Response to the Report by the Head of the OSCE Mission in Kosovo Ambassador Jan Braathu
As delivered by Charge d’Affaires Harry Kamian
to the Permanent Council, Vienna
March 5, 2020
Thank you, Mr. Chair.
Ambassador Braathu, welcome back to the Permanent Council. I am impressed by the scope and depth of your Mission’s contributions to Kosovo and broader regional security. Again, let me express my appreciation for a detailed report, a timely submission, and I think most importantly, the rich discussion that we had yesterday at the informal consultations. These elements, together with your presentation today, help us gain a much greater understanding of the situation on the ground and the important contributions your Mission makes there. So thank you very much, Sir. Stability, prosperity, and lasting peace in the western Balkans are achievable only when Kosovo is integrated as a full and equal partner. The OSCE plays a critical part in advancing the region toward that goal.
In February, Kosovo’s new government was formed, following elections characterized by the EU election observation mission as “well-administered and transparent.” Prime Minister Albin Kurti’s government now has an opportunity to advance shared priorities, including normalizing relations with Serbia, strengthening rule of law, and fostering economic growth. The United States welcomes the new government’s recent steps in the fight against corruption.
As you note, the United States Government is focused on advancing ties between Pristina and Belgrade. Two U.S. special envoys are working to break through the impasse in Serbia-Kosovo relations, essential to regional stability and prosperity.
The recent agreements to increase air, road and rail connections between Pristina and Belgrade prove that practical solutions are possible and demonstrate that citizens in both countries will see tangible economic benefits from normalizing the relationship. This is the message Presidents Thaci and Vucic received in Washington last week. The United States has made clear that Kosovo’s government must suspend the tariffs, and both parties must revive negotiations to unlock their countries’ full potential.
The United States relies on the OSCE Mission in Kosovo (OMiK) to help ensure local stakeholders and democratic institutions are capable of advancing regional stability.
Mr. Ambassador, at a time when fewer young people in Kosovo speak the language of those outside their ethnic community, and with inter-communal distrust lingering, OMiK builds long-term cohesion through Youth Empowerment Camps, the Youth Forum Academy, and other youth-focused initiatives.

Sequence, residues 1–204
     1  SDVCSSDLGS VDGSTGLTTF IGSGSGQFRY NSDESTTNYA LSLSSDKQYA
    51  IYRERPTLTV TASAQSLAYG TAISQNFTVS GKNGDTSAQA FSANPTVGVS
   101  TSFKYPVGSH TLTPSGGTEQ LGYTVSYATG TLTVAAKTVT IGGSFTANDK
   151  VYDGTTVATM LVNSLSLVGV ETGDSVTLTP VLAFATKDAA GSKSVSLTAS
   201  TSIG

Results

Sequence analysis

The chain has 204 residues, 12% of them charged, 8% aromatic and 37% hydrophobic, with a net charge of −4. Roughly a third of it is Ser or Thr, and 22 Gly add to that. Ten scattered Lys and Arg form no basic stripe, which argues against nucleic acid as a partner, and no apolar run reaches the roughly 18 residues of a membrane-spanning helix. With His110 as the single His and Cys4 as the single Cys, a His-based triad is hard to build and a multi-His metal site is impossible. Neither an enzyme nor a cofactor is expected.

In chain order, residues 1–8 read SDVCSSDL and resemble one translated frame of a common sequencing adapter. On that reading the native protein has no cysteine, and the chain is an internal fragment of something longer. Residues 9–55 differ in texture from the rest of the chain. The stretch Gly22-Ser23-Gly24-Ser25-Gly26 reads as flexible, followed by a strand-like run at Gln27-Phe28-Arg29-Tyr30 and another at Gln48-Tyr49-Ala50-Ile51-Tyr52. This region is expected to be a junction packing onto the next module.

We encourage you to continue to promote the OSCE’s interfaith dialogue initiatives to help bring the country together. In an environment rife with rumor, disinformation, and attempts by some to rewrite history, your efforts to enhance media literacy and the safety of journalists is critical in this effort; we encourage you to keep this a high priority.
Your responsiveness to the requests of Kosovo institutions shows that authorities on the ground trust you and your team. You are a relevant partner and you are a responsive partner. Part of what makes OMiK a reliable partner is its coordination with diverse stakeholders and donors in Kosovo. We encourage you to continue strengthening those partnerships for maximum effectiveness and to avoid duplication of this effort.
Finally, Mr. Chair, it was unfortunate that yesterday, once again, we could not hear directly from a host country beneficiary about the excellent work of OMiK, as we do in informal briefings with other heads of missions. It is one thing to hear from an organization about the work it is doing, but it is even more impactful when we hear directly from the host country and its nationals who are benefitting. That is how we know the OSCE is working effectively. As the OSCE’s leading donor, the United States wants to hear directly from the beneficiaries of our investments. We call on the Albanian Chairmanship to consistently invite beneficiaries to all heads-of-mission informal briefings.
Thank you, once again, Ambassador Braathu, for your excellent leadership. You have our full support.
Thank you, Mr. Chair.